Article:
Movies that Butcher History

  • Disney's Pocahontas--she was 12! ug.
  • Titanic--thank god one of the officer's descendants sued James Cameron's lying ass
  • Braveheart--sad, but true; can still be enjoyed for chopped-off legs
  • Malcolm X--Spike Lee is revisionist at times
  • Tombstone (see below)
  • Wyatt Earp (see below)
  • Anastasia--real history is not quite as musical...
  • Star Wars Episode I--Anakin did NOT build C-3PO, it just doesn't work
  • Red Dawn--Soviets and Mexicans? Oh, wait, that was the 80's
  • Anna and the King--(thanks SamGray)
  • The Patriot--(just saw it...not so much butchered history as just hilariously unlikely history...and its almost 3 hours...could have cut out about 2 of those...Americanized Braveheart)
  • u-571--see note below (thanks to Johnny)
  • Nixon and JFK--I really enjoy Oliver Stone's total disregard of any reputable source for history. I think 99% of the time he just goes with whatever cracked ideas come into his head.
  • The Green Berets--(thanks sebreq)

The only one of these that I've seen is Star Wars -- Why do you say Anakin couldn't have built C3PO?

ah, no real reason, I guess, except that it smacks of the terrible commercialization of the prequels. Funny C-3PO doesn't say something like "Ah I remember Jabba the Hutt" in Return to the Jedi or "Hey, Luke, I knew some kids on this planet back in the day"...not a great answer, but the only one I have

The Phantom Menace will appear a much better movie if, before you comment, you admit that it's a children's movie.

I have read, heard, and occasionally believed that the Star Wars movies are much more than a children's series, but more a modern myth. For that I enjoy the original episodes IV,V, and VI. The Phantom Menace showed me nothing but a display in Toys R Us. Perhaps I have elevated Lucas' motivations to too high a level. I doubt I will see episodes II and III.

One thing I've always admired about the Star Wars universe is that, no matter what the plot discrepancy or general nonsensical thing, the fans themselves always find a way to explain it. A notable example is the "I made the Kessel Run in under twelve parsecs" thing, which I'll forego explaining unless someone is actually interested.

In this case, though, it's fairly simple- C-3PO's a droid, so he would have had his memory wiped sometime between episodes III and IV, most likely when Anakin turned to the dark side and the droids left his possession. Hence, no "hey, jabba!" or "ooh, i was created here!" or "Skywalker? I had a master named Skywalker once."

I'll bite. Since I never gave the "Kessel Run" line a second thought, what's the problem and justification (I'd probably see the problem instantly if I took the time to look up the definition of "parsec").

I believe parsec is a measure of distance, not time. So Han's boast is quite a bit like saying you ran 100 yards in 300 feet.

I believe most of the justification is that Han is just making up an impressive story, and his own ignorance shows through.

Shalom, y'all!

L. Bangs

Hmm, my two cents (tho that whole "Star Wars" entry is a bit of a joke): in one of the few star wars novels that I have read when they started coming out about 6 years ago, I remember (vaguely) that the Kessel run was an extremely trecherous area of space (wormholes? dark matter?) and that running it was like running through a cave blind. There aparently wasn't a set course through to Kessel, so Solo's quick (or short) trip may well have been something to brag about. But again, I am not in any way a master of Star Wars trivial.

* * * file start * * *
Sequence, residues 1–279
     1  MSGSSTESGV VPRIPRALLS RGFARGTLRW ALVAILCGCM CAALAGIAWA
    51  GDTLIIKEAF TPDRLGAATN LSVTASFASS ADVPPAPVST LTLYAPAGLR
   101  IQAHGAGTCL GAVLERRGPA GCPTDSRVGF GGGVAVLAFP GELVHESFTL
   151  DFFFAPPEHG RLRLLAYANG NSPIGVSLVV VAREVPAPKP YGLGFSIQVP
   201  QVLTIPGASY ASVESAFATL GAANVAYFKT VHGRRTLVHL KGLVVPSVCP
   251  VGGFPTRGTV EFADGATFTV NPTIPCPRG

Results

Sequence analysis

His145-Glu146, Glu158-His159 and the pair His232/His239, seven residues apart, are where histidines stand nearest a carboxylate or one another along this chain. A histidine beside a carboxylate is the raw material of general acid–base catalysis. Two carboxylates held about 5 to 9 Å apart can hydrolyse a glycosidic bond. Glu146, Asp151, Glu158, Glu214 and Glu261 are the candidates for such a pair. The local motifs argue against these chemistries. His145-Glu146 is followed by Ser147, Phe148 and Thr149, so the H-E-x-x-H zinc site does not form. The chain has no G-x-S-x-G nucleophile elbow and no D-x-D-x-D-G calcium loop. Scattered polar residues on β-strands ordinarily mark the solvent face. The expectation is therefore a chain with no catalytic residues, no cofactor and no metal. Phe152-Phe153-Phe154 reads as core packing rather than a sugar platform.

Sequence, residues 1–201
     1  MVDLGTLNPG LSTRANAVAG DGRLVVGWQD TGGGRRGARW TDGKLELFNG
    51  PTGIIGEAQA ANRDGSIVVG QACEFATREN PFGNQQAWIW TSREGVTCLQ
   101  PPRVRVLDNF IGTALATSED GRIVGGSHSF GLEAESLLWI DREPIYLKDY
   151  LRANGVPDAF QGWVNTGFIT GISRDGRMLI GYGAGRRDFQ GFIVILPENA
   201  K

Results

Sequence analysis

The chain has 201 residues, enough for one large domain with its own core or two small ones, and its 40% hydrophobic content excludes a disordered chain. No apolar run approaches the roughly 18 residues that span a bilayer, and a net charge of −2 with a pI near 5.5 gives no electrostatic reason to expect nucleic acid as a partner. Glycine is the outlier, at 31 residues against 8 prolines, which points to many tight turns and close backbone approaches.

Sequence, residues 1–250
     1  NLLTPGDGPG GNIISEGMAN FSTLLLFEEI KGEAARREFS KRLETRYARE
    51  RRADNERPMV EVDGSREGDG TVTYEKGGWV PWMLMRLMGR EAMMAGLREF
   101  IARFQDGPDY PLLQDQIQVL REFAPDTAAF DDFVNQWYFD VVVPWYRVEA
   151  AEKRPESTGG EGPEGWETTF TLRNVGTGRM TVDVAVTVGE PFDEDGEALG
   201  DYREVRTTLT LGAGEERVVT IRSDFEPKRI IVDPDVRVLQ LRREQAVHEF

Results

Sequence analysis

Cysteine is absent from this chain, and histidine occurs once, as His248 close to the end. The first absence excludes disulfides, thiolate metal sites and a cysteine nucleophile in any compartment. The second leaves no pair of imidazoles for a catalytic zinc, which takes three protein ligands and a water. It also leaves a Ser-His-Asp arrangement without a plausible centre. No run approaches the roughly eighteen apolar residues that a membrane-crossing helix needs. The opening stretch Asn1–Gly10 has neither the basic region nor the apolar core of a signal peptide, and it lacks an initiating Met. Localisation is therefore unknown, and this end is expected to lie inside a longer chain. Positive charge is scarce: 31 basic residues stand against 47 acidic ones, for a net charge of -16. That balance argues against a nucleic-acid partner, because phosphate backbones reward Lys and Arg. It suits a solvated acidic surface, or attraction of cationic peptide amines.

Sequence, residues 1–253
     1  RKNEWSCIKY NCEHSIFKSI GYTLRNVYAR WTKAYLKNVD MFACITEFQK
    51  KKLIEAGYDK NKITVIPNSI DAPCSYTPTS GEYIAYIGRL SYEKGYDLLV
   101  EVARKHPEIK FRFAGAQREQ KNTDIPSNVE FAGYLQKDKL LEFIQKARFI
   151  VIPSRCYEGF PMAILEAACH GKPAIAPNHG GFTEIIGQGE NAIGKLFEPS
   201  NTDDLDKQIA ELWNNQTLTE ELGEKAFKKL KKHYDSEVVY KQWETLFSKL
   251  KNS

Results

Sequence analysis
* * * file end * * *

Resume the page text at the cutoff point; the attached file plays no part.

The only TRUE nerd to post here: If you assume that the M.F. can hit relativistic speeds, it will see the distance it travels as shorter than the distance a still observer would measure...i think. Thus saying you travelled over 4 miles, whereas a still observer would call it 8 miles, really means you were going really-really fast. This all assumes speeds slower than light though, and that would rule out interstellar travel almost immediately. so nevermind.

Yes, and now I must return to my comic book store, where I dispense the insults, rather than absorb them...

Never seen Red Dawn??? Didn't it ever occur to you that while you were pining away in class, America could have been ransacked by a Russo-Mexican allied force????

Interesting list. What about Anna and the King? Anna and her young son never saved the royal family, and Chulalonghorn certainly never made that statement about his father and "the only woman he loved." There was never a romance between Anna and Mongkut! Also, although the character Tuptim was based on an actual person, in reality she was NOT executed!!! I like Jodie Foster, but this movie was pure Hollywood fantasy.

"Wyatt Earp" based on history? Although "Tombstone" took license with fact. "Wyatt Earp" completely reinvented it. "Earp" was way too long and completely revisionist. Let's face it, "Tombstone" was by far the better western. At least the firearms and costumes were authentic. Several new histories (Inventing Wyatt Earp for one) agree that with the exception of the overly simplified "COWBOY" gang-EARP fued, (both films completely missed the political and ecomonic issues of the region) "Tombstone" was closer to actual events.

I stand corrected, my friend. Perhaps I should just put both films on the list as typical "historical" movies that miss the facts. I suppose I enjoyed "Wyatt Earp" for its more gritty "realism" than the more mythologized "Tombstone". But if "Earp"'s realism was faked, I can't support either one.

tombstone was fairly close to the events, but the characters were made to seem friendly and sociable. the earps were actually thought to be assholes by many of the people in tombstone, dodge, or whereever. "tombstone" was waaay better than "wyatt earp" in my opinion, except, though i hate to admit it, "wyatt earp"s Doc Holiday was much closer to the actual look of Doc. He was tall, slender and sickly looking. but val kilmer was a much better choice, either way, jus for enjoyment purposes